Therefore, the answer to this question really depends on the circumstances at hand. For federal estate and gift tax purposes the rules are much different than they are for Medical Assistance applications.
3. I need a revocable living trust so I can avoid probate. Probate is a pain and it is costly.
While probate can be a pain, in Pennsylvania it’s generally not that bad and it’s generally not that costly. Sure, there are fees involved. Many of the same fees apply to trust administration, however.
In other states, the rules are different. Probate may be a costly, burdensome process. There are perfectly good reasons to create revocable living trusts but in Pennsylvania avoiding probate is generally not one of them.
2. My children will barely inherit anything from me because of tax liability.
This statement is a flat out myth. Often, clients are confused about how their estate will be taxed when they pass away. Again, it is common that clients confuse the federal estate tax with another body of law – Pennsylvania inheritance tax.
The truth here is often a relief. Most clients do not have large enough estates to be subject to paying federal estate tax. As mentioned previously, there is a $5.35 million exemption per individual on estate and gift taxes.
Pennsylvania does impose its own inheritance tax. The inheritance tax rate is much lower than the federal estate tax rate. Transfers to spouses are taxed at a 0% rate. Transfers to children are taxed at a 4.5% rate. Transfers to siblings are taxed at a 12% rate and transfers to everyone else who is subject to taxation is at a 15% rate.
Inheritance tax is generally not the big shark in the estate planning pool. The risk of assets being depleted due to payment for long-term care services is usually much more threatening.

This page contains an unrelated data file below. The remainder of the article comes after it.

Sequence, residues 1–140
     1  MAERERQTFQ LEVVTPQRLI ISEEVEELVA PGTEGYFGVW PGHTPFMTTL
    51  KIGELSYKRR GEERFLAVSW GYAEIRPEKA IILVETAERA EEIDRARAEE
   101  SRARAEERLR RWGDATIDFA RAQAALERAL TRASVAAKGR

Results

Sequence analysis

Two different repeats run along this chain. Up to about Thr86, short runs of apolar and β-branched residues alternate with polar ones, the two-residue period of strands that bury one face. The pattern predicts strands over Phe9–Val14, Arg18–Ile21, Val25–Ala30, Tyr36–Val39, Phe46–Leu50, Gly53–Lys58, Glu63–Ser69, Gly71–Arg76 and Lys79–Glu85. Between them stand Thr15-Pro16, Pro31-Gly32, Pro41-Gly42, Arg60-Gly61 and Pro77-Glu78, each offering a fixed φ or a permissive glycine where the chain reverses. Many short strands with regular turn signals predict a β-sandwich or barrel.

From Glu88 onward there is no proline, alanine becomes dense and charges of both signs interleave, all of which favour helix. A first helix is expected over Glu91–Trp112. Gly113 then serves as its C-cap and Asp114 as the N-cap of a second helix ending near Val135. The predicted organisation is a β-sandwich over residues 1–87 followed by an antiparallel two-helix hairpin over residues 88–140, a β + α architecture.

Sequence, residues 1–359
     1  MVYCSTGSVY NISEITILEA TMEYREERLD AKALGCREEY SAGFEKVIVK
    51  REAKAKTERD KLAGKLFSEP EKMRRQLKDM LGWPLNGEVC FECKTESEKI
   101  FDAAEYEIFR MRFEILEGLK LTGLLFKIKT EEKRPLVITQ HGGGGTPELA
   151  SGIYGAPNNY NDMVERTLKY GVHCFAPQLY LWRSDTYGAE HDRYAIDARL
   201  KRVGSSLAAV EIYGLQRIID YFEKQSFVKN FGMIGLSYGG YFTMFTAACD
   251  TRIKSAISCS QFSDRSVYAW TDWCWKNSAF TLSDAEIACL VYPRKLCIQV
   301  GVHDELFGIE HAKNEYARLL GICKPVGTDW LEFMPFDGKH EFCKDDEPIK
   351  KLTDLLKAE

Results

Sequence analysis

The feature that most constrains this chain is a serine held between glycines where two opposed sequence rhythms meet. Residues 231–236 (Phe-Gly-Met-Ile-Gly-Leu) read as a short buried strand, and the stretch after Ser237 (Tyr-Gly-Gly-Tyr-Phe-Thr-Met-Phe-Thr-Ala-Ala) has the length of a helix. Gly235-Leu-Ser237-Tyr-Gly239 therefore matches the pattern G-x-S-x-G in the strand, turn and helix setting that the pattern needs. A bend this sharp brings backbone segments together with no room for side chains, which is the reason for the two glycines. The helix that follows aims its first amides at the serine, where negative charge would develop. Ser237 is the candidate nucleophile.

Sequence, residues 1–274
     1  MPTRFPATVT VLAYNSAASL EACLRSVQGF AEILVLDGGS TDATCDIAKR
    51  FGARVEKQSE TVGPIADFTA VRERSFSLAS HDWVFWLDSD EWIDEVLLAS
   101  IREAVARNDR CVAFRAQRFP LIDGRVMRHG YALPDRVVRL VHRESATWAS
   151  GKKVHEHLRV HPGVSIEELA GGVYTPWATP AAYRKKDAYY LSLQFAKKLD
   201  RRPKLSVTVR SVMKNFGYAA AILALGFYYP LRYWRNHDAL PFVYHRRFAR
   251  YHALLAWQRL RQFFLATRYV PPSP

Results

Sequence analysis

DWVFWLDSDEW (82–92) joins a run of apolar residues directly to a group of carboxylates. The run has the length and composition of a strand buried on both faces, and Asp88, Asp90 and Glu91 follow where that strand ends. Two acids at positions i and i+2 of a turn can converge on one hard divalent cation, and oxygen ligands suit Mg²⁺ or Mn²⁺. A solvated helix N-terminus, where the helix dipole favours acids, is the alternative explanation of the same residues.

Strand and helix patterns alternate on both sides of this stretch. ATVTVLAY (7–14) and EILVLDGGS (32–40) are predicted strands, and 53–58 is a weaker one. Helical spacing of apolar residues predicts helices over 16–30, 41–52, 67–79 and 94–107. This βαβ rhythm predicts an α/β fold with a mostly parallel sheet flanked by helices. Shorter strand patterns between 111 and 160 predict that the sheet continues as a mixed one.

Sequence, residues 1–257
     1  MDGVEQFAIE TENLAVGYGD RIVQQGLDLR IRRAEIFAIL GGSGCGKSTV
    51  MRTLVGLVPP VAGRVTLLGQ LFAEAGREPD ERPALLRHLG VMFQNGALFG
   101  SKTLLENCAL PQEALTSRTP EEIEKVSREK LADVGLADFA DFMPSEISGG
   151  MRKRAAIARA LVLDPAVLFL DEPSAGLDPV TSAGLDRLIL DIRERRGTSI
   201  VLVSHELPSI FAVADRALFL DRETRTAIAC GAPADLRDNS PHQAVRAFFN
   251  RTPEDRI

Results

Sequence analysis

1. I have a power of attorney, so my agent will be able to protect my assets in the event that I need nursing home care.
This is a phrase I repeat constantly: “all financial powers of attorney are not created equal.” It’s true!
Depending on the language in a financial power of attorney, an elder law attorney may be able to help protect a significant portion of a client’s assets if they need nursing home care. Every case is different, but in a good number of cases the most effective planning requires a well-drafted power of attorney that gives the client’s agent the power they need to protect assets.
The law in Pennsylvania is very clear about what provisions the document needs to contain in order to allow an agent to have this flexibility. Quite often, clients come to meet with me and have documents which do not have the necessary provisions. In some cases, based on the client’s goals, this is alright. In the truly heartbreaking cases where assets could be protected but the client is now incapable of signing a new document with the right provisions, it can be disastrous.
No two estate plans are completely alike. When we meet with clients we take the time to talk with them about their goals and help guide them so their goals can be met. Engaging in this process is not only important in the event that a crisis may occur in the future, but it also can provide peace of mind in the present.
If you’ve been considering doing some planning or having your existing plan reviewed, remember that delay can impede the most effective planning techniques. It’s a new year! What are you waiting for?